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ENVIRONMENT REPORT - August 31, 2001: Light Pollution - 2001-08-30

This is with the VOA Special English Environment Report.

We usually think of pollution as a harmful waste substance that threatens the air and water. But some people have become concerned about another kind of pollution. It can be everywhere, depending on the time of day. And it is not thought of as a substance. It is light.

The idea of light pollution has developed with the increase of lights in cities. In many areas, this light makes it difficult or impossible to observe stars and planets in the night sky. In Nineteen-Eighty-Eight, the International Dark-Sky Association formed. This organization wants to reduce light pollution in the night sky. It also urges the effective use of electric lighting.

There are a number of reasons why light pollution is important. One has become clear at the Mount Wilson Observatory near Los Angeles, California. Mount Wilson Observatory was home to the largest telescopes in the world during the first half of the Nineteen-Hundreds.

During that period, Los Angeles grew to become one of America’s biggest cities.

Today, light from Los Angeles makes the night sky above Mount Wilson very bright. It is no longer an important research center because of light pollution.

Light pollution threatens to reduce the scientific value of research telescopes in other important observatories. They include Lick Observatory near San Jose, California and Yerkes Observatory near Chicago, Illinois.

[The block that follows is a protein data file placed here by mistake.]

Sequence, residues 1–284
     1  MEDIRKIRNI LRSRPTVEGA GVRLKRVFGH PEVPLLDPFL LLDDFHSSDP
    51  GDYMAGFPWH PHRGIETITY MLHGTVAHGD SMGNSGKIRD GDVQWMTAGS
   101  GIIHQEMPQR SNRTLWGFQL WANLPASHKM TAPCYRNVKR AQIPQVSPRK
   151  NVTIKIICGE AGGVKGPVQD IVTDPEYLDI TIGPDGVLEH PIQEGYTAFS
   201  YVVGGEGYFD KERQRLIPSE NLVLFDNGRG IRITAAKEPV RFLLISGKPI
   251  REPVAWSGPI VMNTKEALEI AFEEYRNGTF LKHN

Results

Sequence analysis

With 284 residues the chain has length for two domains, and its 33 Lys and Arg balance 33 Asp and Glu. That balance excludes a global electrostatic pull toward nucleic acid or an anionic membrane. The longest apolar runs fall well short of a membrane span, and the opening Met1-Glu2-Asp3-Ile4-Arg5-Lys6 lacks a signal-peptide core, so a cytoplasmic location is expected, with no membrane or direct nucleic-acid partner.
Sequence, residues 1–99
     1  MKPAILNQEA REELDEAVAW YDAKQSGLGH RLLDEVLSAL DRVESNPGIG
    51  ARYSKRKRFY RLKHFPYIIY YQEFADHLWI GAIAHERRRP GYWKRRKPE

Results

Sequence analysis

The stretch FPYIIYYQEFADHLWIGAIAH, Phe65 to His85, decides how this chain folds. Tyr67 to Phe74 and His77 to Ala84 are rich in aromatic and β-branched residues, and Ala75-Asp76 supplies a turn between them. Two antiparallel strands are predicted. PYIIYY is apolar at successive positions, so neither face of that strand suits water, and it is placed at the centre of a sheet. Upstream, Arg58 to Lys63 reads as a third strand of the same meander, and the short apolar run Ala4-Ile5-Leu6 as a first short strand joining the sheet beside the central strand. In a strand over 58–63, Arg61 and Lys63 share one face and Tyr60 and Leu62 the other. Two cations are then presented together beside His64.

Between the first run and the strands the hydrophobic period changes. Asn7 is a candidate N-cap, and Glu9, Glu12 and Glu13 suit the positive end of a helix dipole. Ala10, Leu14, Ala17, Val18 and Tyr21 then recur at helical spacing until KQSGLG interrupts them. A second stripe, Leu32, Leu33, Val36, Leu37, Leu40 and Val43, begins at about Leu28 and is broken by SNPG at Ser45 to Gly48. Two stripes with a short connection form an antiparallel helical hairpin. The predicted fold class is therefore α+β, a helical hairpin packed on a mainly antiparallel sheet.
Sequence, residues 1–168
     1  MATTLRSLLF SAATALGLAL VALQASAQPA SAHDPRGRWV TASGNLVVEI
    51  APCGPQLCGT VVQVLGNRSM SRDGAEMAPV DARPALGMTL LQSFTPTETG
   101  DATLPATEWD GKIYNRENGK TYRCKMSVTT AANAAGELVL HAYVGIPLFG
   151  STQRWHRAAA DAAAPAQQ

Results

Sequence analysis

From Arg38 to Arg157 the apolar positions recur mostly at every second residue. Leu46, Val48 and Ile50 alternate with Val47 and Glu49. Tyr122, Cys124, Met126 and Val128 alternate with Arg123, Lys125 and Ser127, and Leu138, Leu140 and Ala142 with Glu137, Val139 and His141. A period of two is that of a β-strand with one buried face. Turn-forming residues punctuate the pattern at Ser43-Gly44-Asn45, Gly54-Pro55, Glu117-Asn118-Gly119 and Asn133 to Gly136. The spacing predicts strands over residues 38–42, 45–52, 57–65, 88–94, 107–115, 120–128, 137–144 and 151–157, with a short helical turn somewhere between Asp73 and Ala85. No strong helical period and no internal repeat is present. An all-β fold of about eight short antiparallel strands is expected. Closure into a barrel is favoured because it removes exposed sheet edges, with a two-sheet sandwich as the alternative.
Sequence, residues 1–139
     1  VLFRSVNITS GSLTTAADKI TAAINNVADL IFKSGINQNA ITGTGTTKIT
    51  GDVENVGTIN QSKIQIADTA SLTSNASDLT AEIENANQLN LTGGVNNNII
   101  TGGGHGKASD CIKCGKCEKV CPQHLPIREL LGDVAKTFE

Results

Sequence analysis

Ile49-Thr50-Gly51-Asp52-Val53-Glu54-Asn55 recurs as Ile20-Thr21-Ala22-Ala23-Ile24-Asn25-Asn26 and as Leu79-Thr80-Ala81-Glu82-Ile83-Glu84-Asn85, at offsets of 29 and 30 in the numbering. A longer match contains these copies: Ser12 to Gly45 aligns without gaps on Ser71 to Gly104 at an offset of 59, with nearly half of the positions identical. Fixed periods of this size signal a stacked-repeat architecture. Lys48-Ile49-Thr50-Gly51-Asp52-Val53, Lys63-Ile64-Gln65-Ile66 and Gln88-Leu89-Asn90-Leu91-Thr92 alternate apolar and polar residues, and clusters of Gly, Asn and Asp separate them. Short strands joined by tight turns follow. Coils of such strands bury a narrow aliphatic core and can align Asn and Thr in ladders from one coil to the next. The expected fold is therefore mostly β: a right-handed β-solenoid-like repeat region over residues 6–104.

Light pollution is the result of wasted energy. Bright light that shines into the sky is not being used to provide light where it is needed on Earth. Poorly designed lighting causes a great deal of light pollution. Lights that are brighter than necessary also cause light pollution.

Recently, two Italian astronomers and an American environmental scientist created a world map of the night sky. The map shows that North America, Western Europe and Japan have the greatest amount of light pollution.

Most people in America are surprised to find out that they are able to see our own galaxy, The Milky Way, with their own eyes. But about three-fourths of Americans cannot see the Milky Way because of man-made light.

Objects in the night sky are resources that provide everyone with wonder. But light pollution threatens to prevent those wonderful sights from being seen.

This VOA Special English ENVIRONMENT REPORT was written by Mario Ritter.